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A hole the size of Maine—or larger than the Netherlands, depending on which geographic mass means more to you—has opened up in the Weddell Sea in Antarctica. In an otherwise thick layer of sea ice, still frozen from the Antarctic winter, the hole is an aberration.
Ice scientists aren’t sure what’s going on, but they’re all talking about it.
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“It looks like you just punched a hole in the ice,” atmospheric physicist Kent Moore, of the University of Toronto, told Vice’s Motherboard.
Moore, along with the Southern Ocean Carbon and Climate Observations and Modelling (SOCCOM) group at Princeton, are studying the mysterious hole, which showed up in satellite images around Sept. 9.
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Scientists call holes surrounded by sea ice “polynyas.” National Geographic explains that polynas are created when ocean currents push warm water toward the surface, melting the ice that lies on top. As the surface water comes into contact with the Antarctic atmosphere, it cools and sinks, then heats up again and rises back toward the surface.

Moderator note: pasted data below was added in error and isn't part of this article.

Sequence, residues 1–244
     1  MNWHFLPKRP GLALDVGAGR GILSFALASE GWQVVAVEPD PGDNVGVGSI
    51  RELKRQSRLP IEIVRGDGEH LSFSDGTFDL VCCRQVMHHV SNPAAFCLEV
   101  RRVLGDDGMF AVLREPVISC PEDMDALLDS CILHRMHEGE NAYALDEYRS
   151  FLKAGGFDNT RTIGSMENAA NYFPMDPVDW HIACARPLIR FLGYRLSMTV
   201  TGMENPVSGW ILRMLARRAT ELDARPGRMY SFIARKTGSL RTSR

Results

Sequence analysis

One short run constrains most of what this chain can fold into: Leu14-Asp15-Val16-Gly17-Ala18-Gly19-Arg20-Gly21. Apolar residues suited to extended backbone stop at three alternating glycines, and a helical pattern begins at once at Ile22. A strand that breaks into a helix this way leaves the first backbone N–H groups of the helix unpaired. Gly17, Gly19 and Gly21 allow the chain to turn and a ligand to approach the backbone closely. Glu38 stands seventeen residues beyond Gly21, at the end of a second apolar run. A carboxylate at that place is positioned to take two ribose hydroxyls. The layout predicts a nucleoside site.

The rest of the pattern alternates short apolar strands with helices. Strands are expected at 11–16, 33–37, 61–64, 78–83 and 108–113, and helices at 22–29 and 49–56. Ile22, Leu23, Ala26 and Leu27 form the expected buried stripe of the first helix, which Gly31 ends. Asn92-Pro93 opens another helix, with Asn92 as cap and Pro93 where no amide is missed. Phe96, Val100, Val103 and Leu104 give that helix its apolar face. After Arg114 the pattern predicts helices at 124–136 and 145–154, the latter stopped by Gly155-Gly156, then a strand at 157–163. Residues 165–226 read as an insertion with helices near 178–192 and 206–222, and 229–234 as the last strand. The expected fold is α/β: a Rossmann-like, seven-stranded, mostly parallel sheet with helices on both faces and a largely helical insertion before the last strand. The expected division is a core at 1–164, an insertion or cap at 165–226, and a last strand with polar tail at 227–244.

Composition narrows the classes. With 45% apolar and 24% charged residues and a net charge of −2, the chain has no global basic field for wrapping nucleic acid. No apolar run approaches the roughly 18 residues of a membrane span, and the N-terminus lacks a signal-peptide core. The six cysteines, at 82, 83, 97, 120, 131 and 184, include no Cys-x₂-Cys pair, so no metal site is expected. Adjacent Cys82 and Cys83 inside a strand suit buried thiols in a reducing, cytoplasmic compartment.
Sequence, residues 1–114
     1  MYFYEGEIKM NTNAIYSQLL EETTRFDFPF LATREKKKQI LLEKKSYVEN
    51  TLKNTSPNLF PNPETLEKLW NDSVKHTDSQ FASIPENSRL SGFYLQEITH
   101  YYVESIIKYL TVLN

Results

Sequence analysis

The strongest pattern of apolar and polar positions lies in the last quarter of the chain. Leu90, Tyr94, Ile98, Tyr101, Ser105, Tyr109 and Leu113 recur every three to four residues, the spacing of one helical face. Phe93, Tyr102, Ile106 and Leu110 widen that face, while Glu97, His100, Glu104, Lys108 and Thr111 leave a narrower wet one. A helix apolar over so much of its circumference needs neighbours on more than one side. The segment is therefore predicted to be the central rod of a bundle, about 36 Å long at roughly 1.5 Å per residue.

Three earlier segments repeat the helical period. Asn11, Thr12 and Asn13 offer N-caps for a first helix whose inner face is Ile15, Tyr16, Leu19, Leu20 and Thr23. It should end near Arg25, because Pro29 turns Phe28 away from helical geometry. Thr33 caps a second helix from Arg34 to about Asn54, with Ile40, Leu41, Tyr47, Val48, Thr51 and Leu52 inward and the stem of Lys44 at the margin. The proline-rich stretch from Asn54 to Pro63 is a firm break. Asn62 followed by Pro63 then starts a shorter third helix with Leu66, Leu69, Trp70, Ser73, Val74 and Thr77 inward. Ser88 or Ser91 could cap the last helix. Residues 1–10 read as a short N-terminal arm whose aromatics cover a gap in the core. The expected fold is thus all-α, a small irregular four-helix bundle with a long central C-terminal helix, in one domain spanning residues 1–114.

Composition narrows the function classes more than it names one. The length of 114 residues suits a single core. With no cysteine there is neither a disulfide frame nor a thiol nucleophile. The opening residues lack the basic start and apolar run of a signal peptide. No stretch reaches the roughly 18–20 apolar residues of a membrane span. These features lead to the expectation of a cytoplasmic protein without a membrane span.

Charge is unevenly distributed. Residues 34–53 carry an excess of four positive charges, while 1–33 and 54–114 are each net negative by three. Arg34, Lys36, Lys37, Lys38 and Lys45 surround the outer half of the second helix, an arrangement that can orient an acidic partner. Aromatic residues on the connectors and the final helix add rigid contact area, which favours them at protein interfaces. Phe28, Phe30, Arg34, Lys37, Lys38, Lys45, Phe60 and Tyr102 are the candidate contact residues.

This particular polynya previously appeared for multiple seasons in the 1970s. The hole opened up again last year for the first time in four decades, and reappeared, even larger, last month.
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Right now, why the hole opened again is a mystery. Moore says it would be “premature” to connect it to climate change, though his team is analyzing data to better understand what could have caused this.
“This is now the second year in a row it’s opened after 40 years of not being there,” Moore told Motherboard. “We’re still trying to figure out what’s going on.”
But Earther notes that another...
(Excerpt) Read more at: Quartz
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